Harman Patil (Editor)

Temple Butte Limestone

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Type  Geological formation
Thickness  30 m
Underlies  Redwall Limestone
Primary  dolomite
Overlies  Muav Limestone
Temple Butte Limestone httpsuploadwikimediaorgwikipediacommonsthu
Other  sandstone, mudstone, and limestone
Region  Northern Arizona (Grand Canyon), central Arizona & (southern) Nevada
Country  United States of America
Named for  Temple Butte, Coconino County, Arizona.

The Devonian Temple Butte Limestone outcrops through most of the Grand Canyon, Arizona, USA; it also occurs in southeast Nevada. Within the eastern Grand Canyon, it consists of thin, discontinuous lenses, and relatively inconspicuous lenses that fill paleovalleys cut into the underlying Muav Limestone. Within these paleovalleys, it at most, is only about 100 feet (30 m) thick at its maximum. Within the central and western Grand Canyon, the exposures are continuous. However, they tend to merge with cliffs of the much thicker and overlying Redwall Limestone.


Within the western and central parts of the Grand Canyon, the Temple Butte Limestone consists of a westward thickening layer of interbedded dolomite, sandy dolomite, sandstone, mudstone, and limestone that vary in color from purple, reddish-purple, dark gray, to light-gray. Within the eastern part of the Grand Canyon, the Temple Butte Limestone fills shallow paleovalleys, which are eroded into the underlying Tonto Group. The Temple Butte strata filling these paleovalleys consist of interbedded mudstone, sandstone, dolomite, and conglomerate – that vary in color from purple, reddish-purple, to light gray. Typically, the paleovalley-fill consists of a distinct pale, reddish purple dolomite or sandy dolomite. These paleovalleys range in depth from as much as 100 feet (30 m), to as shallow as 40 feet (12 m).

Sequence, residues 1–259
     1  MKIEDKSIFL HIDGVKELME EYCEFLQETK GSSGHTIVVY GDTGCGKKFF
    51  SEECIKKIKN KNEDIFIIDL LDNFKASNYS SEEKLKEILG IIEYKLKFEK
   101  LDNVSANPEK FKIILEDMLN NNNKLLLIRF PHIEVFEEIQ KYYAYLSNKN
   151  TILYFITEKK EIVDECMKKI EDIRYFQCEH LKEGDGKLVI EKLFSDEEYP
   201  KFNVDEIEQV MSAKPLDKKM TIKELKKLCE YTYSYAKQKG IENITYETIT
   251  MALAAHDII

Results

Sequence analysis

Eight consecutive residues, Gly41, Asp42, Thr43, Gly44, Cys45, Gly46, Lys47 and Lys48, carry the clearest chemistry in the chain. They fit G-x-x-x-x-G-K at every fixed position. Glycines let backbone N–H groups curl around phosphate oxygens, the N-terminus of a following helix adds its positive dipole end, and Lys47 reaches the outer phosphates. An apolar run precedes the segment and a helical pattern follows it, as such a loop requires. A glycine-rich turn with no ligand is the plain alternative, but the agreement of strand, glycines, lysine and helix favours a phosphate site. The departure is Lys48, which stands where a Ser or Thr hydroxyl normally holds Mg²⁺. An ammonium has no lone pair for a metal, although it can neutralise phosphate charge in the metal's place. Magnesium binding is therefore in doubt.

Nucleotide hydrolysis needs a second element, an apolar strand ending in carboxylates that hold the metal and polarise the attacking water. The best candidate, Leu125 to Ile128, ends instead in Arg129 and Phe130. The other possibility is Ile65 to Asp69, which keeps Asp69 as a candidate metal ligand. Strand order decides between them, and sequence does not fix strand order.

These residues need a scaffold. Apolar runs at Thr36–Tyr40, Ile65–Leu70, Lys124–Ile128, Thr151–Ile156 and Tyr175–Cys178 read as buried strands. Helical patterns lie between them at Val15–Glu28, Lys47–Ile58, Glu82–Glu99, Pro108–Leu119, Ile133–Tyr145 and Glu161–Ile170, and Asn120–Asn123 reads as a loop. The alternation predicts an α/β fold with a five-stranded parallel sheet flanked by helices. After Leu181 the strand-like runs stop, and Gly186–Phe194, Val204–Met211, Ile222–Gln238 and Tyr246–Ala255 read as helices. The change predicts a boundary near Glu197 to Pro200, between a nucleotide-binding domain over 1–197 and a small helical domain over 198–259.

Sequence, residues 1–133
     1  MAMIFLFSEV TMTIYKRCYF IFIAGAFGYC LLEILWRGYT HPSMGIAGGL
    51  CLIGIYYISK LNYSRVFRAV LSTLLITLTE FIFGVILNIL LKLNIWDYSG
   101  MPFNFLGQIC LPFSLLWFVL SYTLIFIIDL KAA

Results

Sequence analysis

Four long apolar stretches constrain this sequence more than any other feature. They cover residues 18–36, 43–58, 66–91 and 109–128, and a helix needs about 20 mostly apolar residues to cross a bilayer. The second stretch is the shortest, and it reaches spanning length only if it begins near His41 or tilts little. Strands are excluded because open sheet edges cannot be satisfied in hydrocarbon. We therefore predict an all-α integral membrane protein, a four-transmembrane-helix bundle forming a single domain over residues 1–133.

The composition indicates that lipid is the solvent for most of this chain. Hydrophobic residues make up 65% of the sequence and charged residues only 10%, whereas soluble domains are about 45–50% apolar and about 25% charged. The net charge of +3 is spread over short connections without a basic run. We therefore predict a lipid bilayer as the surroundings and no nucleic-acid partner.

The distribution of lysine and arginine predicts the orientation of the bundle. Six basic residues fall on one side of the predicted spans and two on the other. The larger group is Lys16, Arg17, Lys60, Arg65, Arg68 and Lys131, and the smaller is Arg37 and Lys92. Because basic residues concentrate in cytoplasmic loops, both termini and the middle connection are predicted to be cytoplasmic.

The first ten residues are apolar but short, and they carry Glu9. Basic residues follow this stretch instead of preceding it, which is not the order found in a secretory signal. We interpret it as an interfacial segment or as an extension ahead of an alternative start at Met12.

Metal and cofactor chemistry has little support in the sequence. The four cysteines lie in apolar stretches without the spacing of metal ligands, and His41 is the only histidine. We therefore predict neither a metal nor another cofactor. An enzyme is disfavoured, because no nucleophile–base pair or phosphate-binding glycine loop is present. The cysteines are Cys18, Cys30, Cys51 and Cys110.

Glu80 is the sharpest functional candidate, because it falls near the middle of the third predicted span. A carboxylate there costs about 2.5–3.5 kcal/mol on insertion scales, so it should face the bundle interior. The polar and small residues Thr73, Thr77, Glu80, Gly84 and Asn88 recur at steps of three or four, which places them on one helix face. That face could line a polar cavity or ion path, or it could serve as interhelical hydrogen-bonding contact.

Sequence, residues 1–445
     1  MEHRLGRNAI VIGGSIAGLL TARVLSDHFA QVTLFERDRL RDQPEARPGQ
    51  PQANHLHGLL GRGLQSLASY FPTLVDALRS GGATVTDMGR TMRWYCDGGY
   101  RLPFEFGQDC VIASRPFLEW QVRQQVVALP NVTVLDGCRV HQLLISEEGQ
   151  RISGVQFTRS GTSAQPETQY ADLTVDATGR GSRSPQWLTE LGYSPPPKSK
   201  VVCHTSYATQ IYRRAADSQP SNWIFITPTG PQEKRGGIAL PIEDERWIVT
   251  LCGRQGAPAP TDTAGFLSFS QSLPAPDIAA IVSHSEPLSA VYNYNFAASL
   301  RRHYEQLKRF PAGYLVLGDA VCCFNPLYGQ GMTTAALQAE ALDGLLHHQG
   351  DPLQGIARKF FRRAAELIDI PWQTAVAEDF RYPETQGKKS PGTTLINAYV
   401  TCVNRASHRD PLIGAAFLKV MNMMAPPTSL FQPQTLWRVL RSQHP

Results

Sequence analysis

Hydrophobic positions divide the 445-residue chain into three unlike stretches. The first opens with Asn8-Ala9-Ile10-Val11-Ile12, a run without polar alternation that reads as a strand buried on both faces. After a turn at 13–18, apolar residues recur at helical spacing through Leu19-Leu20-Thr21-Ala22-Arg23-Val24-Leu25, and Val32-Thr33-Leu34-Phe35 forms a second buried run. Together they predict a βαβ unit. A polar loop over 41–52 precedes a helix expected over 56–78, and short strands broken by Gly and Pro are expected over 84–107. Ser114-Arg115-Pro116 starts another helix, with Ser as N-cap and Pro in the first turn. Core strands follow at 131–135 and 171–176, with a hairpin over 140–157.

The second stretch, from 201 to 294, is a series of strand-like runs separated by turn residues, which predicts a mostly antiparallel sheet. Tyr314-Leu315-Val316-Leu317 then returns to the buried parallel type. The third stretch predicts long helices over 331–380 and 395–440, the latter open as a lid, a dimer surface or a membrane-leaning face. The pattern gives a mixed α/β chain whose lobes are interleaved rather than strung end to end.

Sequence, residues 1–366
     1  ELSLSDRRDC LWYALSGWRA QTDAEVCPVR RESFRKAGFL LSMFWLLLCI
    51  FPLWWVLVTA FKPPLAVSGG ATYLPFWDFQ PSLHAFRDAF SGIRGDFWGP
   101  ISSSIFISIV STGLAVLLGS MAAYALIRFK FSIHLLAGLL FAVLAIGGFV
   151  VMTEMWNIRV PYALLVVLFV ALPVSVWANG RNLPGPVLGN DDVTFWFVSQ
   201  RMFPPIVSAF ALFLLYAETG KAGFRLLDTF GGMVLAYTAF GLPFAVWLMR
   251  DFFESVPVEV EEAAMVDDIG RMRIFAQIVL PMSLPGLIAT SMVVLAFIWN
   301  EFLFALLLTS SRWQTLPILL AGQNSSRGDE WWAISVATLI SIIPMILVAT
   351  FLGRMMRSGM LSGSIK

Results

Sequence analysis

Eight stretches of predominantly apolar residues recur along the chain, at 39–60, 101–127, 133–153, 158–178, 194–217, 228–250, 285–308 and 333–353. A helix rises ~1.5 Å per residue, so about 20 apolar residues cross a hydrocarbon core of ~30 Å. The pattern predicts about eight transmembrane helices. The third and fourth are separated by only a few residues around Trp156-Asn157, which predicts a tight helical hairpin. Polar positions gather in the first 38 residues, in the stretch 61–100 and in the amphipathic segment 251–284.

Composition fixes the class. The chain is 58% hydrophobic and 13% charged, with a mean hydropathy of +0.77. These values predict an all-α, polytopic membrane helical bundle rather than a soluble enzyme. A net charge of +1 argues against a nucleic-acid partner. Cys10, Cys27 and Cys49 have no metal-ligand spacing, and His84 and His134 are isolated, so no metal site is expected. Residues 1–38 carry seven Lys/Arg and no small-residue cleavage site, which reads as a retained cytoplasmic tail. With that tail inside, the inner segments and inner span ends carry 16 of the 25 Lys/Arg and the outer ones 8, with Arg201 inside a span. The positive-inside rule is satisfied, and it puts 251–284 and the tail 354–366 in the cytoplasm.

The upper and lower contacts of the Temple Butte Limestone are major unconformities. Within the Grand Canyon region, its base is a major unconformity within the Paleozoic rock record. The time represented by this unconfomity spans about 100 million years, including part of Late Cambrian, all of Ordovician and Silurian, and most of Early and Middle Devonian time. The upper contact is a disconformity that typically consists of nearly horizontal surfaces with little or no relief and overlain locally by a basal conglomerate within the overlying Redwall Limestone.

Within the area of Frenchman Mountain, Clark County, Nevada, over 2,000 feet (610 m) of limestone and dolomite occupy the interval between the Muav and Redwall limestones, where in the Grand Canyon there exists less than 100 feet (30 m) of Temple Butte limestone. These limestone and dolomite beds represent sediments that accumulated during the period of time represented by the two disconformities that from the upper and lower contacts of the Temple Butte Limestone in the Grand Canyon.

Geologic sequence

Sequence of Lower to Middle Paleozoic Strata:

  • (1)-Temple Butte Limestone, Devonian-(409-363 Ma), channel deposits upon Muav Limestone
  • (major) unconformity-(505-409 Ma, or ~100 million years)
    (Late Cabrian, all of Ordovician & Silurian, and Early & Middle Devonian)
  • Tonto Group (~544-505 Ma)
  • 3-Muav Limestone (~517-505 Ma)
  • 2-Bright Angel Shale
  • 1-Tapeats Sandstone (~544-~530 Ma)-(million years ago)
  • Popular Publications

  • Blakey, R, and W Ranney (2008) Ancient Landscapes of the Colorado Plateau. Grand Canyon Association, Grand Canyon Village, Arizona. 176 pp. ISBN 978-1934656037
  • Chronic, H (1983) Roadside Geology of Arizona. 23rd printing, Mountain Press Publishing Company, Missoula, Montana. 332 pp. ISBN 978-0-87842-147-3
  • Lucchitta, I (2001) Hiking Arizona's Geology. Mountaineers's Books, Seattle Washington. 290 pp. ISBN 0-89886-730-4
  • References

    Temple Butte Limestone Wikipedia

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